This is by far the most useful knife I have owned. If you are short on time then I leave you with this:
Buy this knife. It is high in quality, it is very light at 1.92oz (55g). Its great for active people in rust-inducing environments who need a lightweight knife to clip to their waste band. Also, if you need a knife for areas that limit blade length to 3 inches (7.62cm) then this will satisfy those ridiculous legal requirements. I have owned this knife for one month short of two years and I haven’t regretted my purchase.
The Tasman is part of Spyderco’s Salt line. These are all knives that have a relatively soft H1 stainless steel blade and, like a large amount of their other knives, has a fiber-reinforced plastic handle. It is quite clearly touted as a knife that can withstand rust. And thus far this knife hasn’t rusted anywhere despite being subjected to high amounts of sweat on a regular basis.
First, onto the blade. Hawkbill blades are very practical despite their ugly and unusual appearance. I’m not positive on this, but seemingly, these blade designs have the mechanical property of pulling in material that they are cutting. This is probably due to the hawkbill’s concave cutting edge. God forbid it ever comes down to it but I think this knife would make for a formidable weapon in a moment of self defense. That’s why I make it my running knife especially since I run on trails most of the time. I want a force multiplier that hinders me very little in case I come across a very aggressive feral dog (which has happened to me) or in case I come across some unfriendly wild life like a mountain lion or bob cat (which both have been sighted in my area). This ought to go without saying but I also carry it in case I come across some depraved, low impulse control thugs who don’t believe in the non-aggression principle.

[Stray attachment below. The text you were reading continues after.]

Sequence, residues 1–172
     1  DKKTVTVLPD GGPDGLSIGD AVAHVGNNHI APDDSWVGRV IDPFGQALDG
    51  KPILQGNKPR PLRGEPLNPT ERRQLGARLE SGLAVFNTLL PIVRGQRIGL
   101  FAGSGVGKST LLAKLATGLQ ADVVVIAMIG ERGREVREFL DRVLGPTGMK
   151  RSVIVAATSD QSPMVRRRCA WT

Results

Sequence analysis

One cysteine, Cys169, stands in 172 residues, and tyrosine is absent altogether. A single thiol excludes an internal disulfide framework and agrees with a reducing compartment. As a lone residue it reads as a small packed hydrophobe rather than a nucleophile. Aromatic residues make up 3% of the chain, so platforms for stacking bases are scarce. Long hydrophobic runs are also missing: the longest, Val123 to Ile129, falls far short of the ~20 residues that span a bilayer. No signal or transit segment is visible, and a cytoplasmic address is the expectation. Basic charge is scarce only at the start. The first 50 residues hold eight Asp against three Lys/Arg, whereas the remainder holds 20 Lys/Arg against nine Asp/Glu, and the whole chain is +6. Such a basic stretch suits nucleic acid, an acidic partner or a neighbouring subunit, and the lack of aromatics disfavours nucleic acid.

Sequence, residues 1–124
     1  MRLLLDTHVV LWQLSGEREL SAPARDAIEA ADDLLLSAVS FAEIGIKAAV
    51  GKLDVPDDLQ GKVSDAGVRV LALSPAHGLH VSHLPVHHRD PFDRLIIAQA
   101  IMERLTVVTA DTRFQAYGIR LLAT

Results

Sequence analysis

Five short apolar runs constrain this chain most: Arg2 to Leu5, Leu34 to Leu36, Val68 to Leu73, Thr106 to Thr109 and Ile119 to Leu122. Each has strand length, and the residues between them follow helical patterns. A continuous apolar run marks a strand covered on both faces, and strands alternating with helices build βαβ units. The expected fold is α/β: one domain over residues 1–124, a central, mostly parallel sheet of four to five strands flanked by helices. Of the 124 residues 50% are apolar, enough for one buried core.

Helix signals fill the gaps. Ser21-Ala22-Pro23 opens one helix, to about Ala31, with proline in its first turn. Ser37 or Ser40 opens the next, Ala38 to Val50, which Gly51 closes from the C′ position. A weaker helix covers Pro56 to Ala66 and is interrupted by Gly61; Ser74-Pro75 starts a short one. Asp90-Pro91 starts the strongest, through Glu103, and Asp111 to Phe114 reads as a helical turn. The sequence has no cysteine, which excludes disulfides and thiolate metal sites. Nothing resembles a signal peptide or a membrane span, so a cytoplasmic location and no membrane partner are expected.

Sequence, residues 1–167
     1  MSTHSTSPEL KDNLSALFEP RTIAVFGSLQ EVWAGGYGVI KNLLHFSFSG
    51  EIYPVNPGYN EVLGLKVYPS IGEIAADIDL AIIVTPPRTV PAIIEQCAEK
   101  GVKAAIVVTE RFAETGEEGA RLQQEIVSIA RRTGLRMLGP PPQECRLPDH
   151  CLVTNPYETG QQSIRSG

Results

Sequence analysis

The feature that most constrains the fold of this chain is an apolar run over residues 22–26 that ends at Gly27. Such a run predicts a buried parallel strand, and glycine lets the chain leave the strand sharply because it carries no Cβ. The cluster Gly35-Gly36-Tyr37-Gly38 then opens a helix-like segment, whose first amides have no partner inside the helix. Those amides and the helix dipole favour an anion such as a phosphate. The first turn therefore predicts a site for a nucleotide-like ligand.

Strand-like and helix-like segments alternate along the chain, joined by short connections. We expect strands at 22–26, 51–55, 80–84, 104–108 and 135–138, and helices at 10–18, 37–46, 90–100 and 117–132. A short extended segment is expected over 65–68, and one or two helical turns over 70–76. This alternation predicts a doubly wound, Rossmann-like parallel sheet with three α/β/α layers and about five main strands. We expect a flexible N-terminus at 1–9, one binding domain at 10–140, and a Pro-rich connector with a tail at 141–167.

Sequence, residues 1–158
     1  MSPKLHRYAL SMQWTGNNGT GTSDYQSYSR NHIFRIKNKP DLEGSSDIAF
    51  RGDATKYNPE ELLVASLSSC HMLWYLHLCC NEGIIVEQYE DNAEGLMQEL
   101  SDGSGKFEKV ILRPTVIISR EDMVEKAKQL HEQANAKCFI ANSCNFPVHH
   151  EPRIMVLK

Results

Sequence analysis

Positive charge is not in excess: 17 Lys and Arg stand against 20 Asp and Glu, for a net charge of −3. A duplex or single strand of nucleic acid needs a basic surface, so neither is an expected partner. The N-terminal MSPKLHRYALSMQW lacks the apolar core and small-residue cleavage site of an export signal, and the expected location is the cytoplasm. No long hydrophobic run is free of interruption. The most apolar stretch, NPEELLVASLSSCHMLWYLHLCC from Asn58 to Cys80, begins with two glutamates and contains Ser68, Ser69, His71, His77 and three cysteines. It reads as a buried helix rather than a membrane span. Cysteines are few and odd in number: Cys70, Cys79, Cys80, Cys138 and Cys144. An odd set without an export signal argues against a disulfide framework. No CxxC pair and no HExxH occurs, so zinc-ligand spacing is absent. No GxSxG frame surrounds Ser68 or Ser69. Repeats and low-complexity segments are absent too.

The action of the knife is respectable. It is a back-lock knife so it is not fantastically smooth. I can not “Spydy-flick” this knife open like what I can do with my Spyderco Manix 2. Oh well, it can still be easily and readily opened with one hand. Some cheaper lock back knives have flung out of my hand while I was opening them with a poor grip because the locks were heavy.
Knife handles like the one on this guy are how they should be made. Fatter at the end then what they are towards the pivot. The mild finger indentations line up with my large hands and in conjunction with the top-of-the-blade thumb jimping/texturing and solid construction of the handle I can really wrench down on things with this knife. Spyderco’s Volcano Grip texture isn’t sand paper and it isn’t smooth aluminum. It’s unremarkable and functional, not much else to say there. The color of the handle is a great feature, just imagine how much easier this thing is to find if you dropped it in a nature body of water or if you lost it while doing outdoorsy things. Its vibrant and unnatural and it will stand out when you drop it in a shallow part of a body of water.
Next, the clip of the knife is better than most. It can be clipped to the waste line of thick sweat pants and shorts no problem. Some knives I have used simply can’t do this without bending out of shape. The Tasman’s clip is wide and solid. I believe it is made of titanium since it is dull, non-magnetic, and springy. It can be removed and reversed to left side carry if you were born wrong handed. Using two U.S. nickles will work for loosening and tightening the unusual looking clip screw and nut. One side of the clip screw needs to be held in place while turning the other side.
In conclusion, this a well-thought-out knife that is extremely low profile. Spyderco does a good job coming up with these things and if you are looking for useful knife for serious use then consider the Tasman Salt.
Thanks for reading this article. If you have any questions, criticisms, or comments go ahead and let me know in the comment section. Seriously, I will answer your questions on this knife in a timely manner, so fire away.
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